UCSC’s Ocean Data Center

Here are a couple of great resources for research going on at UCSC in the realm of phytoplankton other microorganisms: http://oceandatacenter.ucsc.edu/home/oceandatacenter.html http://oceandatacenter.ucsc.edu/home/spotlight%20home.html http://oceandatacenter.ucsc.edu/home/spotlight_microscopy.html http://oceandatacenter.ucsc.edu/home/research.html And some weekly phytoplankton sampling in the Monterey Bay: http://oceandatacenter.ucsc.edu/PhytoBlog/  

Dinoflagellates: Glowing Predators

Little did I know that the bio-luminescent phytoplankton known as Dinoflaggellates are actually predators and eat other phytoplankton.  While the rest are busy sequestering carbon and producing oxygen, these ones are hunting their own. http://www.mnh.si.edu/highlight/sem/dinoflagellates.html http://oceandatacenter.ucsc.edu/PhytoGallery/Dinoflagellates/lingulodinium.html  

Red Tides & First Flush

Here are a few resources on red tides and the “first flush” phenomenon.  Both the result of an over-abundance of phytoplankton, often caused by man-made fertilizers and waste. http://www.lifesci.ucsb.edu/~biolum/organism/redtide.html http://deepseanews.com/2011/09/the-san-diego-red-tide-faq-from-scripps-professor-dr-peter-franks/ http://www.csgc.ucsd.edu/NEWSROOM/NEWSRELEASES/2010/PredictAlgalBlooms.html http://oceandatacenter.ucsc.edu/home/firstflush.html http://oceandatacenter.ucsc.edu/PhytoGallery/HABS_redtides.html http://abcnews.go.com/blogs/technology/2011/09/red-tide-off-california-coast-creates-blue-glow/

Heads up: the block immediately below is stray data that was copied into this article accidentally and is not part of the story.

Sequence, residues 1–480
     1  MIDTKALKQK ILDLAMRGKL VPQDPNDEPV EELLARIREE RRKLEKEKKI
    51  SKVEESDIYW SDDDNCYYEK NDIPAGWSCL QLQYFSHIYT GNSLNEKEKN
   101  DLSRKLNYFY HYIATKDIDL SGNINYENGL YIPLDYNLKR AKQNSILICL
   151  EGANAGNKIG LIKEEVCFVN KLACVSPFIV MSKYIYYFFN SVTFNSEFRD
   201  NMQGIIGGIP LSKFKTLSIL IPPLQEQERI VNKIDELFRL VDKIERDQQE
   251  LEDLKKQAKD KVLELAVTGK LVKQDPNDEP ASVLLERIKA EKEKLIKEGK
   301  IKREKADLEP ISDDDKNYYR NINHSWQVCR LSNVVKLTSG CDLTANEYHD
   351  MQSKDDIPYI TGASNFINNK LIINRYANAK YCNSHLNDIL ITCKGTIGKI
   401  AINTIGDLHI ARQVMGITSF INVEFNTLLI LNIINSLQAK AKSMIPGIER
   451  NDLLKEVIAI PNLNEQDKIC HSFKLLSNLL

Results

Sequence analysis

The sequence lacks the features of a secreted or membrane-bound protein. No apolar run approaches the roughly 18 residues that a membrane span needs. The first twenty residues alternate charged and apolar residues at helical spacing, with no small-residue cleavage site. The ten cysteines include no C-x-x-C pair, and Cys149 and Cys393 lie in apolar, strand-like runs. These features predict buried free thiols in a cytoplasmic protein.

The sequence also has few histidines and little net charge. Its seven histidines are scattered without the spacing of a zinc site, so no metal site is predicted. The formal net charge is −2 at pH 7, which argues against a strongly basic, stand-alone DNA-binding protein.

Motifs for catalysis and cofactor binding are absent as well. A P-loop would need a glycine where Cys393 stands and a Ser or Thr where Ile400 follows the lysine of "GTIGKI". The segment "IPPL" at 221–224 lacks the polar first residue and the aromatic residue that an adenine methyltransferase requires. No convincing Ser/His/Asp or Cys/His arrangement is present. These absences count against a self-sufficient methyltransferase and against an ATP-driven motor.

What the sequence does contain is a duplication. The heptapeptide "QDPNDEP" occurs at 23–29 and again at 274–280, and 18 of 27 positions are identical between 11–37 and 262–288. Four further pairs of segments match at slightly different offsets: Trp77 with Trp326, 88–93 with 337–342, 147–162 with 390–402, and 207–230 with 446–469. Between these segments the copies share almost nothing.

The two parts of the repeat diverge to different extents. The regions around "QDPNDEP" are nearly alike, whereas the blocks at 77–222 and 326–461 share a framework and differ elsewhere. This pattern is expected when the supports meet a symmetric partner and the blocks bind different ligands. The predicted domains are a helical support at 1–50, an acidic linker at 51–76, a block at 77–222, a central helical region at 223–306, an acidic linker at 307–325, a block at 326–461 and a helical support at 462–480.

Phytoplankton’s key role in the Oceanic Food Chain

A great article on the key role that phytoplankton plays at the bottom of the oceanic food chain: http://discovermagazine.com/2004/aug/plankton-planet#.UWuhTIKTG3x Another great article on the adaptability of phytoplankton: http://www.sciencedaily.com/releases/2013/03/130308133057.htm A massive archive of phytoplankton videos not to be missed: http://www.planktonchronicles.org/en  

Ernst Haeckel – The definition of Inspiration

Ernst Haeckel is a true and constant source of inspiration, in everything and anything relating to the sea, microorganisms, 19th century naturalism or wonderfully blurred lines between science and art. Proteus:  a very unique looking documentary on Ernst Haeckel More images & Info: http://www.kuriositas.com/2012/01/art-forms-of-nature-ernst-haeckel.html http://en.wikipedia.org/wiki/Ernst_Haeckel http://abilliontastesandtunes.blogspot.com/2011/05/ernst-haeckel-part-1-of-2.html

Water Quality Data Resources in S.F. & Monterey Bay

Here are a couple of great resources for obtaining live water quality data in the San Francisco Bay area. http://sfbay.wr.usgs.gov/access/wqdata/ http://sfbay.wr.usgs.gov/access/wqdata/query/index.html https://data.sfgov.org/ http://www.sfbayjv.org/resources.php In Santa Cruz / Monterey: http://oceandatacenter.ucsc.edu/PhytoBlog/ And in the Monterey Bay / Elkhorn Slew: http://www.mbari.org/lobo/loboviz.htm http://www.mbari.org/lobo/getLOBOdata.htm http://cimt.ucsc.edu/rtd.htm And a an interesting data site monitoring ocean color around the world: http://oceancolor.gsfc.nasa.gov/